2014 05 14 Revelation's cube - three rows by three columns

Is the cube a math puzzle?

I was astonished to find a cube in the Book of Revelation in the New Testament.  (This after proposing a cube in my Sower’s Puzzle.)

You might miss the cube the first time you read through Revelation as I did.  Take a look at the dimensions of the Holy City, the New Jerusalem.  The city measures 12,000 stadia or according to a footnote in the TNIV, it is approximately 1,400 miles long.  It is as wide and high as it is long (Revelation 21:16 (TNIV)).  Who ever heard of a city that is 1,400 miles high?  Unheard of now and certainly, unheard of when Revelation was written.  (See also Revelation 21:2 and 10-27 and 22:1-5 (TNIV))

A city that is as wide and high as it is long is shaped like a cube.  Aside from mystical interpretations, can this cube be understood at some level as a math puzzle?

I got the notion that Revelation’s Cube might have features like a Rubik’s cube.  Of course any cube has six faces.  A typical Rubik’s cube has three columns and three rows, that is, nine cells on each face.  I don’t know the history of the Rubik’s cube, but I suppose it is possible it has roots in antiquity.

Why three columns and three rows for Revelation’s Cube?  The biblical text has “three gates” on each side of the city, north, south, east, and west, (total 12 gates), and twelve foundations.  But are these “foundations” like basements?  The Catholic CE says, “the wall of the city has twelve foundation stones” (21:14); so either there are 12 basements under the wall OR the wall is composed of 12 stone slabs which are the foundations for the decorations of precious stones.  I believe the “foundations” are 12 facades that are decorated.  These 12 facades may correspond to 12 columns on the cube.   It makes more sense to say the cube has 12 facades, rather than the cube has 12 basement supports – who would put decorations on a basement?  So the author means that the facades served as foundations for decorations.

Anyway, I figured that if there are three columns on each side, there might also be three rows, and therefore, the cube might have spaces for 54 numbers on its faces (9 x 6 = 54).  Rows could be indicated by the layers of “gates with angels, names of tribes, names of apostles” (21:12, 14).

This part of Revelation has a “measuring rod” (21:15) and so maybe is linked to another chapter with measuring (Revelation 11:1-4) which says, “Go and measure the temple of God and the altar, with its worshipers.  But exclude the outer court; do not measure it. . .” (TNIV)  How to do these measurements?  Well, the verses right before that are reminiscent of Ezekiel, written six centuries before Revelation, and the TNIV footnote references Ezekiel 3:3.  So I decided to look at Ezekiel for some measurements.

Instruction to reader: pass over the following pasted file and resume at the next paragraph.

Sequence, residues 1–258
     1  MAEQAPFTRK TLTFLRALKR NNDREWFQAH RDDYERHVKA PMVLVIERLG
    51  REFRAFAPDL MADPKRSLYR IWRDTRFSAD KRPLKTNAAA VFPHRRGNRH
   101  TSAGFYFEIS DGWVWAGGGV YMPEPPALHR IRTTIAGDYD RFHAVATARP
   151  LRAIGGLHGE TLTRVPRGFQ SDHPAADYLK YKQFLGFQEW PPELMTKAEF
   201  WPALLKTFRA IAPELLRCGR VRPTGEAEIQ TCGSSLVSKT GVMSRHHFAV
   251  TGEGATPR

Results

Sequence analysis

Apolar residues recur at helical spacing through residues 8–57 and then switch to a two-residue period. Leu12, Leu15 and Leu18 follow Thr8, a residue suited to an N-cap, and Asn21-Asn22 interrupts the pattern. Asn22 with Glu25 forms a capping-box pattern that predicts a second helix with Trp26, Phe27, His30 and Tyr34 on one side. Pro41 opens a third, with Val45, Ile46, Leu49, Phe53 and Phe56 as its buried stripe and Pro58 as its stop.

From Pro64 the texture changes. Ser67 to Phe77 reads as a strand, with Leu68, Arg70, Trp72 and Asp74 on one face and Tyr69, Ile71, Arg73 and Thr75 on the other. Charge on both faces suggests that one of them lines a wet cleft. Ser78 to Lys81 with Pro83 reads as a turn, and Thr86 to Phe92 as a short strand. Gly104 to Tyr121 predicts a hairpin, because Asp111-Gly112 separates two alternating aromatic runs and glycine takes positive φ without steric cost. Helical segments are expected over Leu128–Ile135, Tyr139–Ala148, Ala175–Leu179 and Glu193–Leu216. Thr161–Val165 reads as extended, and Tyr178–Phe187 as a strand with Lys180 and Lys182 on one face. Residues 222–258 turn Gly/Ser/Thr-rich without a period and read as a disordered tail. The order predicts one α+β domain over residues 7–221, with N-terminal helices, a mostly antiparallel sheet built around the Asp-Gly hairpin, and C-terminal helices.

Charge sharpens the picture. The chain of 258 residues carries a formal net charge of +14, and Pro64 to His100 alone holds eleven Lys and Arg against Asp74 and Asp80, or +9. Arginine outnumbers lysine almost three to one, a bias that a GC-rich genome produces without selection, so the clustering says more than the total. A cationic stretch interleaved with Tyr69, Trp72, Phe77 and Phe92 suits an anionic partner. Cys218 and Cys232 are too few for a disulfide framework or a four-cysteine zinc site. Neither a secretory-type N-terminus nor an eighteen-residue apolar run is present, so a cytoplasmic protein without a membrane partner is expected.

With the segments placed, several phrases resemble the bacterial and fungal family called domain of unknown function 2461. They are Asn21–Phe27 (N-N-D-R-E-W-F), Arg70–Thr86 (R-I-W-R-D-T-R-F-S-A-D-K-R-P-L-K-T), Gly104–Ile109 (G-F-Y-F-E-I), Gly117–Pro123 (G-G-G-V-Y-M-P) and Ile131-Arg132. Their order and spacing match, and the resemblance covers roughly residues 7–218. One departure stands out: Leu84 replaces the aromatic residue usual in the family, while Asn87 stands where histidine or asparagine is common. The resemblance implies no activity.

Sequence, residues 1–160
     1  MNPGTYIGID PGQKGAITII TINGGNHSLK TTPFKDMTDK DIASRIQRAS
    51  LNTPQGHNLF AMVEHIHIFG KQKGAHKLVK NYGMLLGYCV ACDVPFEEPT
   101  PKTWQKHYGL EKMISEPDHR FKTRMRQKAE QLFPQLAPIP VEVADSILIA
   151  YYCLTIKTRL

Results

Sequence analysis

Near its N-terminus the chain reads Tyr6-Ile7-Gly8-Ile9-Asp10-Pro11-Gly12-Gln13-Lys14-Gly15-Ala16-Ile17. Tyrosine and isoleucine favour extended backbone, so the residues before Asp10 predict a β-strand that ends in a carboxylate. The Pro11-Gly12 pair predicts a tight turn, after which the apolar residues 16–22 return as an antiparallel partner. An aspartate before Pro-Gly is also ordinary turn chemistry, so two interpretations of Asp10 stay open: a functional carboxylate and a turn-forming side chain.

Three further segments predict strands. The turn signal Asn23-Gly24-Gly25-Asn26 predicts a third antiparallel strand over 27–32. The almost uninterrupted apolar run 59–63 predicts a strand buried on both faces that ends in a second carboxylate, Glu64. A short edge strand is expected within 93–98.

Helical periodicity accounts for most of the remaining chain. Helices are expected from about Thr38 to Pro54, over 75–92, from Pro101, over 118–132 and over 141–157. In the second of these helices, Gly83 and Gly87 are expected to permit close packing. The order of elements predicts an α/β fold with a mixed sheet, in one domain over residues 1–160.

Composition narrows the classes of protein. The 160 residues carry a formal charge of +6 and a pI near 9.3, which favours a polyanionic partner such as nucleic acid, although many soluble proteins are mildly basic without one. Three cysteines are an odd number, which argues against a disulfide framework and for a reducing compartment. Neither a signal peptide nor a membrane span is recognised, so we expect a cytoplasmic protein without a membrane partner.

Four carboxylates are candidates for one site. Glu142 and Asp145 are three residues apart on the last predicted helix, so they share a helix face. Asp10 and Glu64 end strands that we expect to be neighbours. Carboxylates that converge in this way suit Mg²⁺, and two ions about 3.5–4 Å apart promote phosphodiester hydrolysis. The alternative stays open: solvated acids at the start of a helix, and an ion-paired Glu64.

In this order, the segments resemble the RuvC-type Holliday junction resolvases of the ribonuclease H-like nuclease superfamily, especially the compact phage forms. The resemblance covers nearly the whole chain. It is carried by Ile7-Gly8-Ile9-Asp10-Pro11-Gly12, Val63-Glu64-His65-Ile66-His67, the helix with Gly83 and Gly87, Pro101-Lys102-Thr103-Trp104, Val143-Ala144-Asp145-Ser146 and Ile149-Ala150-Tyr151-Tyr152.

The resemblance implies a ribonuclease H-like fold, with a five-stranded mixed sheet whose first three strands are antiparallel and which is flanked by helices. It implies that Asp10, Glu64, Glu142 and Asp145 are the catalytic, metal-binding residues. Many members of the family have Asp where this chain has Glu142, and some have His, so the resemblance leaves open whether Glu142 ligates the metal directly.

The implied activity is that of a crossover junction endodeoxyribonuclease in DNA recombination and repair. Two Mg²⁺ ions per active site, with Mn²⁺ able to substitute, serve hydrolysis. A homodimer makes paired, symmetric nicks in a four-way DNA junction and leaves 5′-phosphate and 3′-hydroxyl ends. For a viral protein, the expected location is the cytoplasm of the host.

Wasn’t I intrigued to find out that when I examined Ezekiel in the Catholic CE that there were headings of “temple” and “altar,” and there were numerous measures of cubits, perhaps even the right amount for three cubes of 27 cells each (see chapters 40-43).   Here I have not included measures of reeds and believe “half” is not a number.  Certainly there are scads of numbers in Ezekiel and who knows really which ones to pick or even if Ezekiel is the place to look for numbers?  I am mindful that I need to “avoid the outer court” as instructed (Revelation 11:1-4) when gathering numbers.

Can someone discover a valid puzzle and its valid solution?  Not necessarily.  But maybe have some fun.  I took down the Ezekiel cube I had posted here on this page, because now with a different translation than above, I have had second thoughts.

My intuition is telling me that the list of 12 precious stones (Revelation 21:19-20) on the foundation-facades might figure in the puzzle in some way, especially when I read the TNIV footnote that the “identification of some of these precious stones is uncertain.”  So the spelling is off??  Since Greek numerals at that time were written with letters, it seems that the spelling of the stones may have been altered to correspond to certain numbers.

Why hasn’t the math solution to this passage on Revelation’s Cube been handed down over the ages?  I’d like to know the answer – to the math and to question of how the solution got lost.  I presume it’s lost.  Is there some remnant of the original organization that crafted the NT that remembers still?

There’s got to be some number puzzle.  Don’t tell me to measure and hand me a cube and expect me to believe there’s no math associated with it.

Would it be unusual to find a block of numbers as in Ezekiel that might yield the right amount of numbers to populate three cubes?  It seems to me the outcome could be entirely predictable if the author Ezekiel intentionally built his temple measurements around some cubes.

Even if Ezekiel created cubes inadvertently, it seems like Revelation’s author cannot resist pointing to them with broad hints to “measure temple and altar,” obvious references to Ezekiel, and the appearance of a mysterious cube-city extending to heaven.

Why put math into sacred texts?  Maybe just to make the reader linger longer while trying to solve the puzzle.  I never expected to spend so much time in Revelation.


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